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A special kind of "Monster"

By Katareena Carysse Roska
PhilBoxing.com
Fri, 03 Dec 2021



LOS ANGELES -- For boxers in the bantamweight division, getting a ring date with WBA and IBF champion Naoya Inoue has become a magnificent obsession.

The 5-foot-5 Japanese is a certified box-office draw that facilitates huge paydays for whoever challenges him and his belts. He is one of the sports' best, pound-for-pound.

The undefeated 29-year old Inoue, still blossoming in his prime, is a murderous puncher who is on a mission to unify the 115-pound realm.

So what makes him super special?

The most unique aspect about Inoue’s approach to the sport are his body shots, punches directed to the core of the opponent.

I don’t feel the need to go into detail about the type of agony that these blows can inflict upon a person, but if a professional boxer can’t take Inoue’s hits, I doubt anyone can.

Most knockouts are achieved through a head shot. It’s the cinematic punch that gets recognized the most for its flashiness and its obvious display of a landslide win.

Inoue however, doesn’t get his name for being common.

His fights have a certain formula to them. They have a wow factor that is replicated perfectly almost every time Inoue steps into the ring.

And it’s because of his lethal body shots.

Inoue does not waste a hit. Every step and every punch is utilized fully.

Inoue, who fights orthodox, goes in for a punch to the liver. For Inoue fans, that’s how they know it’s over. It’s quite literally gut-wrenching. The audience can feel the pain along with Inoue’s opponent.


Inoue plants a wicked body shot at Donaire during their WBSS championship fight in Saitama, Japan in November, 2019.

For a brief and very fleeting moment, you think his opponent is fine. They are stunned, like a deer in headlights.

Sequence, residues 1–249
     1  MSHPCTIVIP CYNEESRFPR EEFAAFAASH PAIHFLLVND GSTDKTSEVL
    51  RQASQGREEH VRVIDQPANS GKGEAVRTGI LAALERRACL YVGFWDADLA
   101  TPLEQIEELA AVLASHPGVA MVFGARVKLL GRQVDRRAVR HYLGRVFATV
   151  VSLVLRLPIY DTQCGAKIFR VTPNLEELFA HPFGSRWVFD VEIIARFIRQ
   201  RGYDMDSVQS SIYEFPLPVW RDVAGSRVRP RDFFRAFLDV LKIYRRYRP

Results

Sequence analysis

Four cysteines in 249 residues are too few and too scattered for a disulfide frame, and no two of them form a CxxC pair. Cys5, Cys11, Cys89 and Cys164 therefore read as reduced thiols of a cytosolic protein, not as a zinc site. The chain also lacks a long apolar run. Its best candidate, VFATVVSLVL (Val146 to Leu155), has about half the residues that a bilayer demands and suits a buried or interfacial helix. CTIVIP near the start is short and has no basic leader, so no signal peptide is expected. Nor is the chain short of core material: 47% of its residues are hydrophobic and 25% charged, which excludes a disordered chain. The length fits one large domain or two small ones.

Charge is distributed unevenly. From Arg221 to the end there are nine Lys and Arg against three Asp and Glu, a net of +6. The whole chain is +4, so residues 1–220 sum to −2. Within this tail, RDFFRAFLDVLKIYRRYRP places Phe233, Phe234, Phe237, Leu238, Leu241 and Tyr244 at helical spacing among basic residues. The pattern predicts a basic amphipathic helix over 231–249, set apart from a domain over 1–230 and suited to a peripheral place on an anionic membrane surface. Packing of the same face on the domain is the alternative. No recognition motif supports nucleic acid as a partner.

But in the blink of an eye, Inoue’s hits are finally processed by its victim. It is a delayed reaction, false hope to the other corner of the ring. They are down on the floor before the clock ticks a second further, writhing in pain and digesting the entirety of the calculated brutality that had just occurred.

Naoya Inoue stands unfazed, his back towards the just fallen, fully aware of the damage he has just dished out with flawless ease. While other fighters may choose to mock the recently defeated, Inoue lets his actions speak louder than mindless taunts and playground insults, screaming victory to anyone watching.

The moniker “Monster” is not enough to encapsulate Naoya Inoue’s merciless record.

21 wins. 18 of them knockouts.

Naoya Inoue is the One Punch Man in living, breathing flesh.

Ed's Note: The author takes boxing lessons at Freddie Roach's Wildcard Gym in Los Angeles.


The author poses with legendary trainer Freddie Roach at the Wildcard Gym in Los Angeles.



Click here to view a list of other articles written by Katareena Carysse Roska.

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